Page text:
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mandatory arbitration and 222


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13K suit

Tried to contact OC on a debt that was soon to be in suit; OC gave me other phone numbers to call....ended up being the Nat atty network mentioned by another poster. Are they assigned debts to chase, and the OC retains ownership?

Ended up talking to an atty office. They would not settle. They accepted a payment arrangement which I made believing I would stay out of court. They took two payments, then sent me a "consent to judgement", which I will not sign. I have continued making payments.

Attached to complaint was an affadavit stating that the affiant knew of the record keeping, etc (appears to be from OC), one statement, generic agreement. My signature not on "contract".

Not sure if they bought the debt as it is OC v. me, but all my checks are made out to an atty. Did they buy the debt? Do I need chain of ownership?

Have since been to court several times; tried to settle and get dismissed/prejudice(wrote an agreement for order), but judge said he could not make them accept settlement, so he made a date for arbitration (I was shocked but later read that it is mandatory in IL) and said I could present my case then. Case? Gulp! Now what?

He said that we both have to submit a rule 222 disclosure and I have to answer the complaint (w/i a few days).

If the ownership is not an issue, they have the record keeping affiant, and statements, what can I argue?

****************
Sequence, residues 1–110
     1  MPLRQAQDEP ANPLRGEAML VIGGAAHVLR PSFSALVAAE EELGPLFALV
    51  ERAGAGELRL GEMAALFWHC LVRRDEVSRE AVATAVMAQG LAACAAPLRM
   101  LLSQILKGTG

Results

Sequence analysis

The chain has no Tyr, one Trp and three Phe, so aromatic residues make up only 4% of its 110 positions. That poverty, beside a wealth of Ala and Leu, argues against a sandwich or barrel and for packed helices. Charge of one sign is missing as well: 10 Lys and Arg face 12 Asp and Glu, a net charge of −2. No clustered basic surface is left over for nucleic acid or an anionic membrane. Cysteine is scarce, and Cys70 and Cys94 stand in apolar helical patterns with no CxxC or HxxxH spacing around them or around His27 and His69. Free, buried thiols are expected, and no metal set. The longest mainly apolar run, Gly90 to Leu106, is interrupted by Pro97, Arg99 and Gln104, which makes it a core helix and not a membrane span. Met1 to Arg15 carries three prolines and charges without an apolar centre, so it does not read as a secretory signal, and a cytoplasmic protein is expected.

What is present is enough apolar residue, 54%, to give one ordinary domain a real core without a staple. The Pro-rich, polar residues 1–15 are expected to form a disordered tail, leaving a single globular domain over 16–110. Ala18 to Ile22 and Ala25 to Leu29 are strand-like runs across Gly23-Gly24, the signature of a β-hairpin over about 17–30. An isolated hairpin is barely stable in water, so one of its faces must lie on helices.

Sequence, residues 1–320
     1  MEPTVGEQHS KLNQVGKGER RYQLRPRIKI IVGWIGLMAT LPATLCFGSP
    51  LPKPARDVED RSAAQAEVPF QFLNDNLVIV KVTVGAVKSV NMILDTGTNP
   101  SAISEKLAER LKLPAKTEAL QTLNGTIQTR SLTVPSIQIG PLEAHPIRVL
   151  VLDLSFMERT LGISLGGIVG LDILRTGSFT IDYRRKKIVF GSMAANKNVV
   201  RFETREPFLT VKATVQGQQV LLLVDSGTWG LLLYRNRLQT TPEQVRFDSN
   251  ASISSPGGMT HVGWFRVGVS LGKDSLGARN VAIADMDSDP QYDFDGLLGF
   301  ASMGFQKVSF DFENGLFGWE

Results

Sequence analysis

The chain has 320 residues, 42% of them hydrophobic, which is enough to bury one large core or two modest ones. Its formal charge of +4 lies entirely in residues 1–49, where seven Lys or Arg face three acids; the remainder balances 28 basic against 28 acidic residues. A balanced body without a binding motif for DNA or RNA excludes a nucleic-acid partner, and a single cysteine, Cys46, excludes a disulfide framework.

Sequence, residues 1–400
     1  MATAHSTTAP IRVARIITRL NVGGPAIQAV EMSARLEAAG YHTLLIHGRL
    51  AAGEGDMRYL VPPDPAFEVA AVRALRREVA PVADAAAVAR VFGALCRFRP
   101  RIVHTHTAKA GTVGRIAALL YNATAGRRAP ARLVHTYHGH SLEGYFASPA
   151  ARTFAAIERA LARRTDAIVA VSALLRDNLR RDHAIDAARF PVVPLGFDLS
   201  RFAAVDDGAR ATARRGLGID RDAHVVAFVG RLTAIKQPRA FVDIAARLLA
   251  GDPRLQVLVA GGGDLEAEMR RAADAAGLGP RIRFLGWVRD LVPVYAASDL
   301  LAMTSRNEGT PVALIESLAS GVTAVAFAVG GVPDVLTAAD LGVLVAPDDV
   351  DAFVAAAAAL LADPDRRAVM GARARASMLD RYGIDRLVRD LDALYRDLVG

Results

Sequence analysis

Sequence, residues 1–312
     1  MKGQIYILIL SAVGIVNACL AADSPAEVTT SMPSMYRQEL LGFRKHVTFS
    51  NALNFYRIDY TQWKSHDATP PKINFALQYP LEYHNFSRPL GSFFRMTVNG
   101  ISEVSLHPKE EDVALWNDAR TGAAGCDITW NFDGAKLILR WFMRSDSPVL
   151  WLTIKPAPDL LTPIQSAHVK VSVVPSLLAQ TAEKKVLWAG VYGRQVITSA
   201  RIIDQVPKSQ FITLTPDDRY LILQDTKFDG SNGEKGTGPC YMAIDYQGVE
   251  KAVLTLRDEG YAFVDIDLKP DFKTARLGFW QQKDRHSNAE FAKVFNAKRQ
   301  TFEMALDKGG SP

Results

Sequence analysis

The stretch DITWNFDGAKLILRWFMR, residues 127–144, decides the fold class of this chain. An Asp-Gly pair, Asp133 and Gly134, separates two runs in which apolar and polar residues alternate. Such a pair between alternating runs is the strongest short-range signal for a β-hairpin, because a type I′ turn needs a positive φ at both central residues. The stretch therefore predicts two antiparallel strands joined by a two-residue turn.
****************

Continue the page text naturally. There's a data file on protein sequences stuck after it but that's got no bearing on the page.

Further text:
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Some of the larger banks use the atty network to collect the debts. So think of them as a collection agency, not a junk debt buyer. Chase still likely owns the debt, although now the attorney's handling the case are subject to FDCPA since the attorney's themselves are not the OC.

You may have a tough time defending this in court since they have access to all the documentation. The attorney's are not likely to want to settle because their compensation is based on amount collected (it is questionable whether this is legal or not).

If private arbitration is available in JAMS by contract, you might consider that route. File a Motion to Compel Binding Arbitration and move the case out of the local courts jurisdiction. That will slow the case down, cost the plaintiff more money and soften them up for a possible settlement offer that is reasonable.

If you go the private arbitration route, read up on it in this subsection and understand how to use it to your advantage and understand the procedural issues that go along with it. At 13k, they may pay the fees and participate in JAMS, but at worse it will buy you additional time.

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